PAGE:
In rare cases, a cat may exhibit severe reverse sneezing due to underlying conditions such as nasal tumors and dental disease. Such cases often have accompanying (and more serious) symptoms alongside reverse sneezing.

Having a good pet camera such as the Petcube Cam 360 ensures that you won’t miss a thing when it comes to monitoring your cat. That way, if they exhibit any symptoms that may point to any possible health issues, you may be able to address them early on. Apart from the camera’s features with both pets and pet owners in mind, the camera also gives you access to Petcube’s 24/7 online vet service, which allows you to consult with certified veterinarians anytime and anywhere you may be. Talk about convenience and personalized service.

How to Treat Reverse Sneezing in Cats


In cases of mild reverse sneezing that only occur occasionally, without causing your cat much stress, vets usually recommend just observing your cat first. Meanwhile, they may give advice on how to provide your cat comfort when a reverse sneeze happens such as calming or stroking them gently.

Environmental Changes

How to stop reverse sneezing in cats if it happens frequently? If you are able to determine that environmental factors such as allergens or irritants are triggering your cat to reverse sneeze, your veterinarian may recommend environmental modifications. For instance, they may ask you to minimize you cat’s exposure to smoke, dust, strong scents, and other possible irritants that can be found in your cat’s environment.


If your cat is reverse sneezing with diagnosed inflammation in their airways, corticosteroids may be recommended by your vet. This may help lessen the inflammation and relieve the symptoms. Note, however, that using steroids on a long-term basis may cause side effects. Careful monitoring is therefore necessary.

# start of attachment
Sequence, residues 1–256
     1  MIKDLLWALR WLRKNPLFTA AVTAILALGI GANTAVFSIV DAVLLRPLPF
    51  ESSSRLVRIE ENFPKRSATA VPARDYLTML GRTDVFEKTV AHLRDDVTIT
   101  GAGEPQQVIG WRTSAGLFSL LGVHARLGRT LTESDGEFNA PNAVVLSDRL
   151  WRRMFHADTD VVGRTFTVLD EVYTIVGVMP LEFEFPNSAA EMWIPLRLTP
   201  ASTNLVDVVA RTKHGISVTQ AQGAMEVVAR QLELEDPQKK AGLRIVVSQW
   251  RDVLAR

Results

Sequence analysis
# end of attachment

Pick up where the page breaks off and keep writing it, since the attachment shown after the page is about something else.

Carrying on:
When your cat’s reverse sneezing is due to allergies, your vet may prescribe antihistamines to manage the symptoms. This may help lessen hypersensitivity in your cat’s respiratory tract, minimizing the severity as well as the frequency of episodes. However, note that some cats may not respond positively to antihistamines. Also, use of antihistamines should be under the guide of their veterinarian.


In rare cases when the reverse sneezing is due to masses or nasal polyps that may obstruct your cat’s airways, among other possible symptoms, surgical removal may be needed. Such interventions are usually reserved for cases that are persistent and severe.

How to treat reverse sneezing in cats may widely vary, depending on the underlying cause, how severe the case is, and how they respond to initial treatments.

While reverse sneezing is generally nothing to worry about, severe cases can potentially be a medical emergency. And because we never know when emergencies may occur, being prepared will go a long way. An alternative to pet insurance, Petcube’s Pet Emergency Fund provides all around support when it comes to pet emergencies. Think about it — For every annual subscription, you get upto $3000 for pet emergencies for upto 6 pets. The service also pays the clinic directly so won’t have to worry about having to shell out money during a critical time. In addition, you also get access to a 24/7 online vet for first aid guidance and emergency triage. With the Pet Emergency Fund, pets and pet owners are given the much needed support during pet emergencies.


Is reverse sneezing in cats dangerous?

Reverse sneezing is rarely a cause for alarm in itself. However, if you’re worried / if it frequently occurs / if there are other more serious symptoms / if your cat shows signs of distress, veterinary assistance should be sought.

If a cat is reverse sneezing and vomiting, is it a medical emergency?

When your cat reverse sneezes, it may sometimes appear that they are also vomiting. In mild cases, it is often not a cause for alarm. However, the reverse sneezing is accompanied by actual vomiting or if your cat appears to be in distress, it is recommended to bring them to their vet immediately for diagnosis and treatment.


In itself, reverse sneezing is often nothing to worry about, and is just your cat’s way of clearing out irritants. However, in cases when it happens frequently or if it is accompanied by other symptoms, it may be due to an underlying cause that may range from mild to serious. If you are unsure, it is best to bring your cat to the vet for a proper diagnosis and treatment if needed.